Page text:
Britain Initiates Iraq War Inquiry; Ex-Prime Minister Blair Is Set to Testify

By Karla Adam
Special to the Washington Post
Friday, July 31, 2009

LONDON, July 30 -- Britain launched an independent inquiry into its role in the Iraq war, with the panel's chairman confirming that former prime minister Tony Blair will be among the witnesses and that it would not "shy away from making criticism."

John Chilcot said at a news conference Thursday that the panel would scrutinize the period from 2001 until the present, making its investigation Britain's widest-ranging inquiry yet into the Iraq war.

He also said that "the Anglo-American relationship is one of the most central parts of this inquiry" and that the panel hoped to have "discussions" with Americans involved in the war. At the same time, he said, "discussions and evidence sessions are not necessarily the same thing, and of course we have no power to compel witnesses here, let alone in foreign governments."

Blair's decision to join the 2003 U.S.-led invasion was deeply unpopular here and was seen as one of the key reasons he stepped down two years ago.

Chilcot, a former civil servant, emphasized that "the inquiry is not a court" and that nobody is on trial, but he said, "I want to make something absolutely clear: The committee will not shy away from making criticism."

"If we find that mistakes were made, that there were issues which could have been dealt with better, we will say so frankly," he said.

When Prime Minister Gordon Brown announced the inquiry last month, he initially said it would be held behind closed doors. The decision was reversed after objections from opposition politicians and families of British soldiers who died in Iraq. The war has claimed the lives of 179 British troops, and Brown has described the inquiry as a chance to pinpoint "lessons learned."

Chilcot said that "wherever possible," the inquiry will be conducted in public -- perhaps broadcast on television or streamed live on the Internet, he said -- although some sessions will be held in private as a matter of national security and to "ensure complete candor and openness" from witnesses.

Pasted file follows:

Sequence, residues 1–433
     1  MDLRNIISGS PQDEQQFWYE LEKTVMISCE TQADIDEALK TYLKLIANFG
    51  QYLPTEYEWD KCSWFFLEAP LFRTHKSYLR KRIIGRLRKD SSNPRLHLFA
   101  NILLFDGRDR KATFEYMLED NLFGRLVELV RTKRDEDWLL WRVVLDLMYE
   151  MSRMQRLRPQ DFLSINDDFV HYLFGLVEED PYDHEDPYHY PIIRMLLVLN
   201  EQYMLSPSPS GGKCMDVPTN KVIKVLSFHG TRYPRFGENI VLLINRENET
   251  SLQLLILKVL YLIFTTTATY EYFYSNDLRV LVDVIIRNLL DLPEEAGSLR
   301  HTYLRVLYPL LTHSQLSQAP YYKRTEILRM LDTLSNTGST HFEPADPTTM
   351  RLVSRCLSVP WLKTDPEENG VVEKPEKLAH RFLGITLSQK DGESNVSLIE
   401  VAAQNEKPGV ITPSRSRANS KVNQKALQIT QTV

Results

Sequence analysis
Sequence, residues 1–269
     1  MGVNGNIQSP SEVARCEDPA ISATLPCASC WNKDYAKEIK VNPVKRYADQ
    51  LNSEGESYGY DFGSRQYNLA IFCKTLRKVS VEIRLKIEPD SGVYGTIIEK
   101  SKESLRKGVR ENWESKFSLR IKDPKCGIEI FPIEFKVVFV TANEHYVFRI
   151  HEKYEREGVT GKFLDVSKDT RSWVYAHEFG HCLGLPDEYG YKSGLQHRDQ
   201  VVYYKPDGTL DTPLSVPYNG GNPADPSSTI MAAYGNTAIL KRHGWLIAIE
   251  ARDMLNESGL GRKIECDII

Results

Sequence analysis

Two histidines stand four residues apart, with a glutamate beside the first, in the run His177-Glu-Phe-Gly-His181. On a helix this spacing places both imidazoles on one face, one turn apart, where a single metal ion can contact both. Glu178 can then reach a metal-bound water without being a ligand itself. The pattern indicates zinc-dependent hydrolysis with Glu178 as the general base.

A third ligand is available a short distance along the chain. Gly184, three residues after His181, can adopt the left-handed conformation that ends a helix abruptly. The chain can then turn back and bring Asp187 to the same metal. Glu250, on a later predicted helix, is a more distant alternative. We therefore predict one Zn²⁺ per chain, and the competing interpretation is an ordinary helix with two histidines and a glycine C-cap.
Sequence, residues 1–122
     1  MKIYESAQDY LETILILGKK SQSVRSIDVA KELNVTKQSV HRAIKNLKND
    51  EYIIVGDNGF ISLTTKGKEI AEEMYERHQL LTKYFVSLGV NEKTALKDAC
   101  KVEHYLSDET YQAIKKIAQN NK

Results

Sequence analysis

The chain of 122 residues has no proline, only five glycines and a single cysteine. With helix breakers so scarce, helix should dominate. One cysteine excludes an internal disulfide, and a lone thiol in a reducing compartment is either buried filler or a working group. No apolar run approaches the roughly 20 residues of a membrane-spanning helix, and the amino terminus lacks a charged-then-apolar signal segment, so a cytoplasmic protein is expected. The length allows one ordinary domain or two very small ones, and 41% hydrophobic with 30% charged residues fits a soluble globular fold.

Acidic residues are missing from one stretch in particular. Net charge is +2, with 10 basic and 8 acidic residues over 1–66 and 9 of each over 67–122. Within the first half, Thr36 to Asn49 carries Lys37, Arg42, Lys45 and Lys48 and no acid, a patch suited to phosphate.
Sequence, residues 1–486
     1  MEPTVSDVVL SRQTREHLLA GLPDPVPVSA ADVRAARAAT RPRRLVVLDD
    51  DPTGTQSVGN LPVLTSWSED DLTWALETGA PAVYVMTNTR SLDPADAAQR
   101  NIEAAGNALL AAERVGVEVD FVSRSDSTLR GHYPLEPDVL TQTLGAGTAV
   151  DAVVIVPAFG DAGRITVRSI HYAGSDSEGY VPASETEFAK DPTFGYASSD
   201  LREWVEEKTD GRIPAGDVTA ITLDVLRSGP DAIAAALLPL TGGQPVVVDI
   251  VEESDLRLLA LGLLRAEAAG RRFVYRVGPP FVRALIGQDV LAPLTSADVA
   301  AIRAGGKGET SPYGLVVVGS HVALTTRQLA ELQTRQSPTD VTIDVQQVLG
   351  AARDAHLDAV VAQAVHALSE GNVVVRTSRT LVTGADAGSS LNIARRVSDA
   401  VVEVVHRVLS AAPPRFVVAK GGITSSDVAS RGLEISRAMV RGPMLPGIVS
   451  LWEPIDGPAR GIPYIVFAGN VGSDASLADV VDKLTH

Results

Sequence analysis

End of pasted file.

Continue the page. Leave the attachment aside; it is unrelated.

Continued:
Britain has held two other major inquiries concerning its involvement in the Iraq war, including one into the suicide of David Kelly, a weapons specialist who was critical of the Blair government's intelligence on Iraqi weapons. The inquiries, held in 2004, largely cleared the government but were accused by some of leaving key questions unanswered and of being insufficiently independent.

In addition to Chilcot, the committee members are Lawrence Freedman, a professor of war studies at King's College in London; Martin Gilbert, a military historian and biographer of Winston Churchill; Roderick Lyne, a former British ambassador to Russia; and Usha Prashar, chairman of a commission that selects candidates for judicial office in England and Wales.

Findings will not be published until late 2010 at the earliest, Chilcot said, adding that it was "quite simply a huge job." Critics have noted that this means the final report, which could be damaging to Brown's Labor Party, will be issued after Britain's next national elections, which must be held by June.

Nick Clegg, leader of the Liberal Democrats, said the inquiry must have "teeth."

"The Government must not be able to interfere to keep Blair and Brown out of the spotlight for the sake of political convenience in the run-up to an election," Clegg said in a statement on his Web site. "Tony Blair ordered this disastrous war and Gordon Brown signed the cheques -- without public appearances from them, this inquiry will be seen as a whitewash."

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